“I think being the party in power in Maryland, in any state today where people are unhappy, that that causes a concern. I think the division in Maryland is fully understandable,” Cardin said. “The key now is whoever governs, and I hope it’s Anthony Brown, brings us together.”
– Lejla Sarcevic, 9:50 p.m.
Hogan Supporters Nervous, But Hopeful
ANNAPOLIS – Supporters of Republican gubernatorial candidate Larry J. Hogan Jr. trickling into the campaign’s election night party around 8 p.m. Tuesday were nervous but optimistic their candidate would win.
Caterers uncovered silver platters of charcuterie and fruit in the large, airy room at the Westin Annapolis hotel, which was filled with flower lilies and Maryland-colored balloons.
Jeff Dixon, a grocery clerk from Lusby, came in early with the press to take photos. He’s photographed political events ranging from President Barack Obama’s two inaugurations to Hillary Clinton’s campaign event for Democratic gubernatorial challenger Lt. Gov. Anthony Brown Thursday in College Park.
But this was his first election night party, and as a Hogan supporter, he was both excited and nervous.
“I’m optimistic for a win, but I won’t be surprised if the results don’t (match up),” he said. “I’m scared. I’m really scared. It doesn’t seem like Hogan’s been getting out to the public as much as Brown has. And he probably doesn’t have the money like Brown does.
“Hopefully that won’t matter,” Dixon said.
After leading campaign events at the Greenbelt Metro Station, South County Senior Center and Chick and Ruth’s Delly in Annapolis Tuesday morning, the Republican candidate and Annapolis real estate company owner “took it easy” in the afternoon, said Hogan press spokeswoman Erin Montgomery.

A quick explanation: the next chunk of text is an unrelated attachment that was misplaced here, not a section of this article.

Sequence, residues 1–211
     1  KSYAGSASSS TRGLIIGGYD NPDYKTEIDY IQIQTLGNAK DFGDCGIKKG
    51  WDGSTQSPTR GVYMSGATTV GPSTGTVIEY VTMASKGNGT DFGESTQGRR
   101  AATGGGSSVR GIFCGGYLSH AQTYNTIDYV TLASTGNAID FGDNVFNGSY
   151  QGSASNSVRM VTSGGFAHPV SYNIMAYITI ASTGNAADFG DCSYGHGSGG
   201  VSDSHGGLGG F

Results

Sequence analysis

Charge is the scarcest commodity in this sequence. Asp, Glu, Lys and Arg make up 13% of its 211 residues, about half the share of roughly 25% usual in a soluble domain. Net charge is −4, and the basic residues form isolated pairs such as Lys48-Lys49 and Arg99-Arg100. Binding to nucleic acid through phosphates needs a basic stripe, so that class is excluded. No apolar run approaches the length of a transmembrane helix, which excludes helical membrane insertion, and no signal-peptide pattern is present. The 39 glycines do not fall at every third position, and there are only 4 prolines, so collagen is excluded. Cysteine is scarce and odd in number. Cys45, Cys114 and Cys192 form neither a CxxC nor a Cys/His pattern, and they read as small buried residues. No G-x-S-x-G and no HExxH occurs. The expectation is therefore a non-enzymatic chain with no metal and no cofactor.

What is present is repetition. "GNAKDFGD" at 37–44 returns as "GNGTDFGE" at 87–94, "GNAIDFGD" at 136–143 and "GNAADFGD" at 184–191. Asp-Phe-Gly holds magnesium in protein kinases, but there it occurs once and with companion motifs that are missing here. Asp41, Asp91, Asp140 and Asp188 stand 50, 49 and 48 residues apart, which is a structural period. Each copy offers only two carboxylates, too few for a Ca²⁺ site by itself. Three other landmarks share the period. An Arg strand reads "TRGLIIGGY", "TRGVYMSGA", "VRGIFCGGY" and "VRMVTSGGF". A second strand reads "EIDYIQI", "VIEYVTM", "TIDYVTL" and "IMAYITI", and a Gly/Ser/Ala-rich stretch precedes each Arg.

But the Hogan campaign made calls to voters “all day, up until the last moment,” and regional campaign field offices were out encouraging voters at polls throughout the state, she said.
A Hogan campaign internal poll several days ago showed the candidate 5 points ahead, but Montgomery was uncertain about the night’s outcome. She said results would most likely come in after 11 p.m. Tuesday.
“It’s going to be close,” she said.
Kirstin Shea, 30, a registered nurse from Edgewater, said she voted “the very first day, the very first hour.”
Shea, Montgomery’s sister, said she thought Hogan would have a “landslide” victory because Marylanders were “fed up” with Gov. Martin O’Malley’s administration.
She added that Hogan had also led a more positive and less attack-centered campaign than Brown.
Monday night at her nurse job, Shea was taking care of a patient who told her she’d moved to Delaware since her last visit because she couldn’t afford Maryland’s taxes, Shea said.
“Just hearing that made me feel so sad,” she said. “It was just a weird thing to hear the night before Election Day.”
At 8:11 p.m., a full brass band from Crownsville, Bobby and the Believers, cranked up the music. The room was filled with optimistic energy as Hogan supporters danced through the food line to “I Will Survive.”
“I really do think in my heart that it’s going to be a landslide,” Shea said.
–Annika McGinnis, 9:11 p.m.
Dogs may be “man’s best friend,” but in a still-struggling economy with rising veterinary costs, more Americans are choosing to put their ailing pets to sleep rather than pay for expensive treatments, experts say.
At Montgomery County Animal Resource Center in Dayton, Ohio, the rate of people seeking to euthanize their pets because they can’t afford treatment is rising between 10% and 12% a year, says Director Mark Kumpf. And at The Pet Fund, which raises money for people who can’t afford pet care, calls requesting financial support have doubled, says Executive Director Karen Leslie.